Stabenow, along with U.S. Sen. Gary Peters, D-Mich., and members of Congress from other states, notably Ohio, howled loudly at the proposal, arguing that cities like Detroit or the state could get stuck with potentially millions in bills incurred but not yet reimbursed by the federal government. As far as the state of Michigan was concerned, for instance, practically all of the total $498 million has already been committed to work scheduled or programs already underway, even though many of the bills haven’t come in yet or been sent for reimbursement.
Peters said late Thursday in a statement: “I strongly oppose the provision in the highway bill cutting the Hardest Hit Funds and was proud to work with Sen. Stabenow and my colleagues in the Senate to ensure Michigan cities that are bouncing back from the economic crisis are not at a disadvantage as they work to revitalize their neighborhoods.”
The loss of the program would have been “devastating to Detroit’s neighborhoods,” Detroit Mayor Mike Duggan said in a statement late Thursday that praised the victory by Stabenow, who he said “has been relentless over the last 48 hours leading the fight to restore this program.”
While it’s not known exactly how much Detroit, other cities and the state could have lost overall, it could have topped $100 million, depending on how the Senate defined “unspent” or “unobligated” funds. Meanwhile, it could have stymied an ambitious blight removal program in Detroit which has torn down thousands of properties, as well as those in older industrial-based municipalities across the state.
In Michigan, more than $340 million of its $498-million allocation had been spent as of June 30, leaving more than $150 million. But much of that has already been committed to projects around the state.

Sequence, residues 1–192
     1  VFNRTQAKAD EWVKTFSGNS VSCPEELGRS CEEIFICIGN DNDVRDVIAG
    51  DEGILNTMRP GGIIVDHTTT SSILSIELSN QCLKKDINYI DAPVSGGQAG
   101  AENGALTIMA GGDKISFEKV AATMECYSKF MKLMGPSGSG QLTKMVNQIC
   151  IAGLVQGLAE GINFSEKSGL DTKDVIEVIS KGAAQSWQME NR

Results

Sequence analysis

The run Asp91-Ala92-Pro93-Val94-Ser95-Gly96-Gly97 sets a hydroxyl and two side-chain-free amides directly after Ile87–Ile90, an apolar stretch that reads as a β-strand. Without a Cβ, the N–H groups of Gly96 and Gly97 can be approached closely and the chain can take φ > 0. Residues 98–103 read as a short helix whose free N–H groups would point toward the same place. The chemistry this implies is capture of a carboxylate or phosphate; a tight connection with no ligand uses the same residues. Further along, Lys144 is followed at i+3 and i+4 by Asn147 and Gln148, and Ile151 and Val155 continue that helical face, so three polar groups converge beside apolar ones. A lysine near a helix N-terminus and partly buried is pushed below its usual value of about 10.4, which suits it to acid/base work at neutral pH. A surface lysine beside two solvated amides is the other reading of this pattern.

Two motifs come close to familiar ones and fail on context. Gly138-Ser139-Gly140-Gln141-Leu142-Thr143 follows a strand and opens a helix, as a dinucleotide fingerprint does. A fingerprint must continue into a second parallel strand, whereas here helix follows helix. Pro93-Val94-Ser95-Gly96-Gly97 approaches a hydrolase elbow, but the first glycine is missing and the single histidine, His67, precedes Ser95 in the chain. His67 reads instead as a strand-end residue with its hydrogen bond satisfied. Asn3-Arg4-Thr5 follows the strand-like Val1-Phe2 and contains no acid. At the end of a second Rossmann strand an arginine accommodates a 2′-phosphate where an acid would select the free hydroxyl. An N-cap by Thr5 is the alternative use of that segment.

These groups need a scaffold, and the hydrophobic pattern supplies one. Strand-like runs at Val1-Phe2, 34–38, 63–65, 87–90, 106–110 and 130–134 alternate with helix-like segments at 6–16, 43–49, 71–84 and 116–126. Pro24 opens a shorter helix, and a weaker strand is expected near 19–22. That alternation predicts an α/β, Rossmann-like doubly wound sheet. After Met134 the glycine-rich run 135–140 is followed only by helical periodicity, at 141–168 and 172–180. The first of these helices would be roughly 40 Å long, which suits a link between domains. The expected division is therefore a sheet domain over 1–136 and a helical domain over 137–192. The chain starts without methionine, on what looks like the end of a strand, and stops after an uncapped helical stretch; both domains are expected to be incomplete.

Stabenow, in a speech on the Senate floor Thursday, argued against the provision, calling any move to rescind money already promised to cities for revitalization efforts “outrageous,” especially since in many cases work has already been done but not yet been reimbursed by the federal government.
“Money they have been counting on, money they have been allocated, will be taken back,” said Stabenow, who added that more than a dozen cities in Michigan have been hiring contractors to tear down buildings or do redevelopment work “counting on the fact that they will be paid because we, the federal government, have given them, in writing, our word.”
In her speech, Stabenow talked at length about home values rising in Detroit as blight is removed and neighborhoods are redeveloped. She also noted reporting done by the Free Press about the dangers posed by a vast number of vacant structures around city schools and how the Hardest Hit Fund program is helping support efforts to tear down some of those buildings.
“For communities around this country, this is a big deal. Certainly this is a big deal for Michigan, and I can’t in any way support any effort going forward unless this is fixed,” said Stabenow at the time.
Please click here to view the article online.
Please click here to view the full text of H.R. 22 (Developing a Reliable and Innovative Vision for the Economy Act (DRIVE Act) online.
Safeguard Properties is the mortgage field services industry leader, preserving vacant and foreclosed properties across the U.S., Puerto Rico, Virgin Islands and Guam. Founded in 1990 by Robert Klein and headquartered in Cleveland, Ohio, Safeguard provides the highest quality service to our clients by leveraging innovative technologies and proactively developing industry best practices and quality control procedures. Consistent with Safeguard’s values and mission, we are an active supporter of hundreds of charitable efforts across the country. Annually, Safeguard gives back to communities in partnership with our employees, vendors and clients. We also are dedicated to working with community leaders and officials to eliminate blight and stabilize neighborhoods. Safeguard is dedicated to preserving today and protecting tomorrow. Website: www.safeguardproperties.com.